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11/11/2014

A Park Bench That Tells You You’re Fat?

Clearly we in the United States are not taking the obesity epidemic as seriously as the Russian government. We debate whether it is appropriate for the government to require restaurants to inform their customers about how many calories they are … Continue reading

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11/11/2014

Making a Case for Case Studies

<p class="MsoNormal" style="line-height: 19.0400009155273px;"><span style="line-height: 19.0400009155273px;">In Peter D. Kramer’s New York Times piece published in the ‘Couch’ section on October 18, 2014 (</span><a style="line-height: 19.0400009155273px;" href="http://opinionator.blogs.nytimes.com/2014/10/18/why-doctors-need-stories/">Why Doctors Need Stories</a><span style="line-height: 19.0400009155273px;">) he affirms the experience of learners, educators, and researchers in his arguments that a case vignette can provide a kind of instruction that cannot be duplicated by data collection alone. While we do still need evidence based material to assure safety and efficacy of treatments, the case study offers contextual material that makes the evidence come to life.</span></p> <p class="MsoNormal" style="line-height: 19.0400009155273px;">As a Clinical Ethicist each clinical encounter is rich with substantive information that is part of an individual or family story intersecting with the healthcare setting. When invited to provide input, support, or recommendations in any given case, the most informative elements of any case are the story of the patient. What was before, what is now, and what the future may require is different for each patient, and I am often awed by the ‘before.’ The contextual landscape of each story is often where we come to understand the psychosocial factors that weigh heavily in how a patient, family, or community interacts with the healthcare community. Hard data is not as useful as hearing the story that belongs to the patient.</p> <p class="MsoNormal" style="line-height: 19.0400009155273px;"><strong style="line-height: 19.0400009155273px; color: #34405b; font-family: Arial, Helvetica, sans-serif; font-size: 12px;">The Alden March Bioethics Institute offers a Master of Science in Bioethics, a Doctorate of Professional Studies in Bioethics, and Graduate Certificates in Clinical Ethics and Clinical Ethics Consultation. For more information on AMBI's online graduate programs, please visit our <a style="text-decoration: underline; color: #000099;" href="/Academic/bioethics/index.cfm">website</a>.</strong></p>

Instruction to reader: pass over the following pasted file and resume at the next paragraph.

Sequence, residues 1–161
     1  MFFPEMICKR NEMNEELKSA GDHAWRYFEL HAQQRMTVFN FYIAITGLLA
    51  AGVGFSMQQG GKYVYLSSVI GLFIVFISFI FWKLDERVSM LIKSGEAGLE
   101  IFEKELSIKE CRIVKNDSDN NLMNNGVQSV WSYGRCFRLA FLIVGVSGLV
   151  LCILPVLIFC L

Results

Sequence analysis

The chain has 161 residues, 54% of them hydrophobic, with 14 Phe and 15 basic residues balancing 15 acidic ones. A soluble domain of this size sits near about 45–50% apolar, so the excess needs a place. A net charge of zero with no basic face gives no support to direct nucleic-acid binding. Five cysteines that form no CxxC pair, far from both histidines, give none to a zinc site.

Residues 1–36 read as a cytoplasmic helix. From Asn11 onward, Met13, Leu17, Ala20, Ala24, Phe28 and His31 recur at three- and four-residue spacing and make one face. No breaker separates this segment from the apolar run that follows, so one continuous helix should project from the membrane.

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This entry was posted in Clinical Ethics, Health Care and tagged , . Posted by Hayley Dittus-Doria. Bookmark the permalink.

11/11/2014

Taiwan End-of-Life Policies Inflict Unwanted Pain & Torture

Doctor Chen Hsiu-tan of National Yangming University Hospital said after a legislative hearing Thursday that Taiwan needs to take stock of the pain its end of life policies are inflicting on the living and those being kept artificially alive. Patients...

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This entry was posted in Health Care and tagged , . Posted by Thaddeus Mason Pope. Bookmark the permalink.

11/10/2014

Ruby Graupera-Cassimiro Survives 45 Minutes without Pulse

Ruby Graupera-Cassimiro, 40, went to Boca Raton Regional Hospital in Florida for a cesarean section on September 23. The surgery was uneventful and the baby was healthy, but Graupera-Cassimiro started to experience shortness of breath and doctors...

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This entry was posted in Health Care and tagged , . Posted by Thaddeus Mason Pope. Bookmark the permalink.

11/10/2014

Ethics in Neonatology Symposium

Check out this program at the Yale Club of New York on December 5, 2014: "Ethics in Neonatology Symposium." The Ethics of Refusing a Parental Request for Treatment Mark R. Mercurio  Treating Newborns with Trisomy 13/18: Have Times Changed? ...

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This entry was posted in Health Care and tagged , . Posted by Thaddeus Mason Pope. Bookmark the permalink.

11/10/2014

"Lethal Malformations" and Language of "Futility"

In the October 2014 Seminars in Neonatal and Fetal Medicine, Dominic Wilkinson and colleagues discuss some of the language that is used (misused) in the context of some severe congenital malformations:  "Ethical language and decision-making for pr...

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This entry was posted in Health Care and tagged , . Posted by Thaddeus Mason Pope. Bookmark the permalink.

11/09/2014

Death – a New 5 Part Series on NPR

To the Best of Our Knowledge, a nationally syndicated radio show from Wisconsin Public Radio just started a five part series on Death.